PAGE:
2. Leupold RX-1000i TBR with DNA rangefinder
This is a product of the leupold company. Their true ballistic range provides a hunter with extremely accurate ranging information. This is one piece of a standout rangefinder for archery hunting. It has digital enhanced accuracy that allows the hunter to make clear shots. A hunter can range up to 800 yards. The optics are just not clear but impressive. The hunter can set different displays up to the desired results. It is also compacted with incline and decline technology that helps to calculate the correct distance between the rangefinder and the camera. The led display is clear and easy for the hunter to read. The rainproof feature allows the hunter to use it in the rain. It is therefore effective anytime regardless of the weather. However the true ballistic range has to be zeroed to 200 yards. A hunter can still get this product without the true ballistic range function.
3. Nikon archer’s choice laser rangefinder
This is another excellent rangefinder for archery hunting. It is well constructed with decline and incline technology that allows hunters to shoot at 90 degrees angle. It is light and simple to use for amateur hunters. Its optic is clear enabling it to produce better shots .This rangefinder is suitable for hunters who would not wish to range anything beyond 100 yards.
We really like this nikon archers choice laser rangefinder, and you can read a full review of the product here.
4. Bushnell Team Primos The Truth
This is a fantastic unit for the price, and the bushnell team primos doesnt dissapoint. Bushnell got together with the guys at team primos and they delivered a product that is great for bow hunters. The unit has 4x magnification, Angle Range Compensation (ARC) and an angle measurement tool that will help you get the perfect shot every time! The unit ranges from 7-850 yards with an accuracy of +/- 1 yard. The unit also has a rainproof cover, which I have found invaluable at times when the weather just is not going my way and the rangefinder can get a little slick and hard to hold. Not with this unit though – the rangefinder is plenty easy to grip and range in with one hand, no matter the weather.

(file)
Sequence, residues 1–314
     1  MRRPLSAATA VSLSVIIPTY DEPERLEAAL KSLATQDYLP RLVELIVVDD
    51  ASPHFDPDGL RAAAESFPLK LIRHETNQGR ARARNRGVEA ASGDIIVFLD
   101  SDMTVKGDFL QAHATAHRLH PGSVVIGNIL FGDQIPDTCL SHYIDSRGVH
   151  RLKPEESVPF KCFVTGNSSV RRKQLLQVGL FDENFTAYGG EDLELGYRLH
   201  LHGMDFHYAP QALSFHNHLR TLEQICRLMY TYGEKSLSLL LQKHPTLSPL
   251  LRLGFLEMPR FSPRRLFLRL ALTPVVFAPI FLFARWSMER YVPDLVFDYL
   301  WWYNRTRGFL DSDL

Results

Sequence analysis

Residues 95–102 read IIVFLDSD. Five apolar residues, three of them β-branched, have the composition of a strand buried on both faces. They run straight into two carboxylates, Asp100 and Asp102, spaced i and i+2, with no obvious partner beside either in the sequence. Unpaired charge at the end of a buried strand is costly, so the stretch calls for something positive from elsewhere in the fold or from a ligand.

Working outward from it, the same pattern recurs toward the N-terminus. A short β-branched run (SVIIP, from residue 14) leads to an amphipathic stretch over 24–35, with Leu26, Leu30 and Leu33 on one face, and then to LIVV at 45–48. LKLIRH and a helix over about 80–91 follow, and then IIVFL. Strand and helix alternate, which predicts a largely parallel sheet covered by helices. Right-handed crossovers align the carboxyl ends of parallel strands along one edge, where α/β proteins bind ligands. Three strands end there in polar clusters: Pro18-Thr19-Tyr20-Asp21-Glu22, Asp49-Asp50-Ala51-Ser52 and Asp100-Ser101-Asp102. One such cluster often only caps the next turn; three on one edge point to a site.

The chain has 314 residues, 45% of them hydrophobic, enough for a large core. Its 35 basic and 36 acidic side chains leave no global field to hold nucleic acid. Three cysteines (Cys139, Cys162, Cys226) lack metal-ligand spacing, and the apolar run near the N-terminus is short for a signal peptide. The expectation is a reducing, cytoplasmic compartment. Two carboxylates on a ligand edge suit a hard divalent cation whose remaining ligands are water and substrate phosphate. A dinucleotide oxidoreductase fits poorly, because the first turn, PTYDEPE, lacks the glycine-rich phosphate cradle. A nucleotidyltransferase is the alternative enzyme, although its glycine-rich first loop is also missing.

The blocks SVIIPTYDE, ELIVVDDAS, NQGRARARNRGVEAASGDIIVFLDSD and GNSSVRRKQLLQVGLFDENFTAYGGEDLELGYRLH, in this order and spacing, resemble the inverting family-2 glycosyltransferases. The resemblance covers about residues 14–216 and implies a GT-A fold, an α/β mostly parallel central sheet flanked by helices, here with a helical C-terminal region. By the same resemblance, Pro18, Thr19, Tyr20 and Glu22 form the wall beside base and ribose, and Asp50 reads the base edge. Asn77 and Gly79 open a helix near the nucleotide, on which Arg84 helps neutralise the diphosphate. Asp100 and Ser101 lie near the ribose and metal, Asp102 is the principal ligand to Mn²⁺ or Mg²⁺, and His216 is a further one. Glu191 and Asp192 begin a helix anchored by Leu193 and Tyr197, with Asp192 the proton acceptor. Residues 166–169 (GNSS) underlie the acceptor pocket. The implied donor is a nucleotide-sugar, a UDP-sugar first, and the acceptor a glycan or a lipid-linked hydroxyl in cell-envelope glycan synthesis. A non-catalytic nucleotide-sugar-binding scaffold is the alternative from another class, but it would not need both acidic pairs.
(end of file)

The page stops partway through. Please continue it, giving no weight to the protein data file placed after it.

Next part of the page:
This bushnell also has a great, bright display, allowing you to view all the information easily from up in your tree stand before first shooting light if you spot a trophy white tail buck that you want to take home. Since the product has bushnell optics, they are particularly great lenses and come in very clear when looking through the window. This is a solid option, and comes in at a great price for a rangefinder with this kind of features and capability.
5. Bushnell BowHunter Chuck Adams Edition
This is another great rangefinder entry for bushnell, and is the predecessor to the team primos version discussed above. Bushnell teamed up with legendary bow hunter Chuck Adams to develop this unit and make sure that they included everything that just about any bow hunter could want. Well, I’m here to tell you that they did not disappoint at all.
This is a great product and was made to help bow hunters increase accuracy when shooting. To that end, it comes with ARC technology and a “shoot like” distance, which is based on shot angle that will improve your accuracy. It has a great “bow mode” up to 99 yards that gives you line of sight, angle and true distance. Past 99 yards though, those features disappear, but the unit is still accurate up to 850 yards off of something reflective, and up to 200 yards on a deer. It has high quality lenses, and 4x magnification.